This, unfortunately, applies to independence supporters as much as to Unionists but it is Unionists we need to convince. The 95% need to be swayed by emotion, which always trumps reason. Talking sense to the general population is an excellent way to lose support while a few populist noises that don’t make logical sense are an excellent way to gain support.

In her book Acts of Union and Disunion Linda Colley comments on the large numbers of Scottish, Welsh and Irish who fought for Britain in various English inspired wars and notes how the Union not only provided a path for ambitious Scots towards a larger stage but that some regarded British Union as a vehicle for and expression of Scottishness, even a form of Nationalism letting Scots spread their culture and traditions across the world by taking over many top roles in the Empire. Other arguments for Union is that, like the EU, it obviates war, abolishes national antipathy, except at football matches, and, if it is Union, not domination, brings people together for mutual benefit.

Today the Union feels more and more like English domination of the rest of the United Kingdom, apart from Northern Ireland who, regrettably, won their autonomy via The Troubles while the DUP won their current influence over Theresa May’s government by being the only party to rival the Tories in bigotry, racism and intolerance.

The best emotional arguments for the Union like those mentioned above, are also arguments for remaining in the EU but many Scots want to remain in the UK and leave the EU. The recent flaccid EU response to unnecessary and avoidable Spanish violence in Catalonia has increased the number of Scots who, whether they want Independence or not, want nothing to do with the EU ignoring the argument that they are more likely to be able to influence the EU from within than from outside and that the first priority must be Independence if only not to be dragged down if Brexit proves a disaster.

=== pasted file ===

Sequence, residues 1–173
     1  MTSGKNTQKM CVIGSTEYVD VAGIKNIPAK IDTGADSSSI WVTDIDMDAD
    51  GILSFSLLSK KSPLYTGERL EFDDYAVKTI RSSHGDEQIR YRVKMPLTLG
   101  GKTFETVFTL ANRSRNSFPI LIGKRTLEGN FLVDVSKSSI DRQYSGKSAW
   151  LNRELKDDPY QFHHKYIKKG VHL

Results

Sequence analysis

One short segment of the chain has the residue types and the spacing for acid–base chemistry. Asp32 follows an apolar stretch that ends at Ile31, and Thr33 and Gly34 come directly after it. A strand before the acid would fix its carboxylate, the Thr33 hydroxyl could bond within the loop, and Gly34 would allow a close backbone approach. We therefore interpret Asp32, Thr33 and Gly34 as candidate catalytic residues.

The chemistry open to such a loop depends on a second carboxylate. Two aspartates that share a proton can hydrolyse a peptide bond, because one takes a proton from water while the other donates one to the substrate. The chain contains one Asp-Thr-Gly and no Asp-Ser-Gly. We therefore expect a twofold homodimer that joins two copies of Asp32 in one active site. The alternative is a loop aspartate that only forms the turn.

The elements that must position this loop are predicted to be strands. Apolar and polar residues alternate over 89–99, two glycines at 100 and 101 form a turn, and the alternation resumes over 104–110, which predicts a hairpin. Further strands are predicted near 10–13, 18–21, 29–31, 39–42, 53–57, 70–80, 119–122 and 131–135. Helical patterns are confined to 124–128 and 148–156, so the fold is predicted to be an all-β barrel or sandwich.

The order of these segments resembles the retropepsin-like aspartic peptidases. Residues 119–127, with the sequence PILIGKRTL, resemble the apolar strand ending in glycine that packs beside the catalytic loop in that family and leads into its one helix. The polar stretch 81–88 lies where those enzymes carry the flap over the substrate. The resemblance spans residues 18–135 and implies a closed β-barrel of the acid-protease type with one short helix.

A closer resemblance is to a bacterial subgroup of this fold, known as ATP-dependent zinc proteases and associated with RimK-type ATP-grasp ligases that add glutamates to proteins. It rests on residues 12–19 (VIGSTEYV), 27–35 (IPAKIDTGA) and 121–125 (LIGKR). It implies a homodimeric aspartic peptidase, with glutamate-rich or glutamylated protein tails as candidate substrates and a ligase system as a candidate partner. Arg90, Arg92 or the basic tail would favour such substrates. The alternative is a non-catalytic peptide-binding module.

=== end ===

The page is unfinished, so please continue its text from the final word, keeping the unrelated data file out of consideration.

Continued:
It is unclear whether the economic damage already done by Brexit can be reversed even if Brexit is cancelled. Banks and manufacturing companies that already have plans to leave will not come back or abandon their plans fearing yet another Brexit referendum and those staff who found they have a better quality of life in Europe may well be unwilling to return, especially once they have children at school. In such a climate Scotland is well placed to survive and thrive.

If Colley is right the Independence movement must create an emotional case for Independence stronger than the idealistic case for the Union and convince Proud-Scot-Buts that Britishness is no longer a useful vehicle for Scottishness and that Independence could lead to a new mutually beneficial relationship with England, Wales and Northern Ireland. It will also help if they can be convinced that any economic pain will be short lived and that like the more idealistic Brexiteers they eventually say “We know Independence will hurt economically but Freedom is priceless”

Unfortunately it is likely to be easier and more effective to stress the negative case against the Union than to promote a positive case for independence. Nevertheless both approaches must be pursued.